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Kauai considers bill requiring cats to be licensed

    Maui Mayor Alan Ara­kawa will hold a public forum Wednesday at the J. Walter Cameron Center Auditorium in Wai­luku to discuss the problems that feral cats and chickens cause. Speaking will be wildlife scientists and Humane Society officials.

LIHUE >> Kauai is considering requiring cat owners to license their pets as part of an attempt to control problems with feral felines.

The Garden Island newspaper reported the county bill would also require owners who allow their cats to roam free to spay or neuter the animals.

Councilwoman JoAnn Yukimura said if the county doesn’t address its issues with pets, the community will have many problems. Yukimura introduced the bill last week.

“Cat licensing is a way to control the population of cats, because it’s tied to neutering — an uncontrolled population of cats is a public health, environmental and community concern,” Yukimura said.

A draft of the bill sets license fees at $10 for spayed or neutered cats and $30 for unsterilized cats.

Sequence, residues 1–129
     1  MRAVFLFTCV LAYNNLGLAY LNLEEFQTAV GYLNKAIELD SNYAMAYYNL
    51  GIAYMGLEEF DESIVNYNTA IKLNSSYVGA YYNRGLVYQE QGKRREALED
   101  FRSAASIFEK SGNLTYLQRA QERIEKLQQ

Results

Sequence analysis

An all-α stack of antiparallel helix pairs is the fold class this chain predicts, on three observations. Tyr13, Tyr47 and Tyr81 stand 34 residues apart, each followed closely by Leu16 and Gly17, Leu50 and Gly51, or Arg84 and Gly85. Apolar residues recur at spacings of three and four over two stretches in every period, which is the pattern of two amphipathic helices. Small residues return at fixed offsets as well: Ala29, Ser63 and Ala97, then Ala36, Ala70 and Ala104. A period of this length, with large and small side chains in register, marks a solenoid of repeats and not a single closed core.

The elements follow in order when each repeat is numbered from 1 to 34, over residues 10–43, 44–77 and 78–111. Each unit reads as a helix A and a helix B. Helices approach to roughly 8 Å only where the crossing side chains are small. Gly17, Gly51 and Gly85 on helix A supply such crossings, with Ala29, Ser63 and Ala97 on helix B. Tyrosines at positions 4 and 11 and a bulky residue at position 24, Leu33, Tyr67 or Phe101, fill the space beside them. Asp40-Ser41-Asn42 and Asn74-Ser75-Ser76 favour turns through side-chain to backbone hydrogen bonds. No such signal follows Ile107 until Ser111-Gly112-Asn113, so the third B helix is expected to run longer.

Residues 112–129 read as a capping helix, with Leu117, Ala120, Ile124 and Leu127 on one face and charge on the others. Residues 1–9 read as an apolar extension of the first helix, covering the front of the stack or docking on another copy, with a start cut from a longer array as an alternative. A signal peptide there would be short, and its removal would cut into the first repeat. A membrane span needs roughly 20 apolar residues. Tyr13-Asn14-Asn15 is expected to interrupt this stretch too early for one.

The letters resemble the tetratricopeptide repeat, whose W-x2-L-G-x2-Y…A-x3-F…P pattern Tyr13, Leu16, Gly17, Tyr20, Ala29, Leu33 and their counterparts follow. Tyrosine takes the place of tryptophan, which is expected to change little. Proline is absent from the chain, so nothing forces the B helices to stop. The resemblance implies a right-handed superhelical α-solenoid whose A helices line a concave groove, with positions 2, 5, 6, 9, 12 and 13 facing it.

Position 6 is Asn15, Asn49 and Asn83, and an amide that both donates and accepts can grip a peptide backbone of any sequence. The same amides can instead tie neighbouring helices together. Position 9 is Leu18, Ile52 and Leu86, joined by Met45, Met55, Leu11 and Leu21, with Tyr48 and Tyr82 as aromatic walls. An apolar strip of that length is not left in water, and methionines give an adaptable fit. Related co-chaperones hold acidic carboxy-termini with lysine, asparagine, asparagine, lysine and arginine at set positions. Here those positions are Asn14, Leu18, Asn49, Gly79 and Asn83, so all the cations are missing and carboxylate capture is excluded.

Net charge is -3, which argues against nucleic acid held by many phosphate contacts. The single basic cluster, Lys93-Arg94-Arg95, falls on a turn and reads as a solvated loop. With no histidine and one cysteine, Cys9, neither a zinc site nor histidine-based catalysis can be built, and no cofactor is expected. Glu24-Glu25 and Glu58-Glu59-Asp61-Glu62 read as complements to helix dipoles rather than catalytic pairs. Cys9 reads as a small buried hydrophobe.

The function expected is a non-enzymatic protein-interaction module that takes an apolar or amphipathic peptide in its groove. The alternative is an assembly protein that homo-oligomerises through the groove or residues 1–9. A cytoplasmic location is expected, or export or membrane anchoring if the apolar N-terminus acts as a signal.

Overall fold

The bill sets fines for cat owners who allow cats over 4 months old to roam free without being sterilized. Officials say owners who keep their cats confined would not be required to have their pet sterilized.

Executive Director Penny Cistaro of the Kauai Humane Society said 900 more stray cats than dogs were brought in during the last fiscal year. She said only 10 percent of cats, compared with 56 percent of dogs, were retrieved by owners.

Councilmembers will consider the bill Jan. 15.

Annette Oda of Lihue criticized the proposal, saying it is a waste of time and money.

“Whoever started or initiated the bill apparently doesn’t understand the nature of a cat,” Oda said. “You can’t treat a cat like a dog, so basically I am really frustrated and disappointed that the county council would dare to spend valuable time and money, which is a scarcity in this day and age, on cats and dogs.”

Lonnie Sykos of Kappa said he likes that the measure would make it easier for humane society workers to identify feral and domesticated cats.

“How to balance the population of feral cats versus domestic cats is a thorny issue, but we need to come up with an objective way to deal with this and not a bunch of subjective guidelines that ultimately aren’t going to resolve the problem,” said Sykos, who owns three cats.

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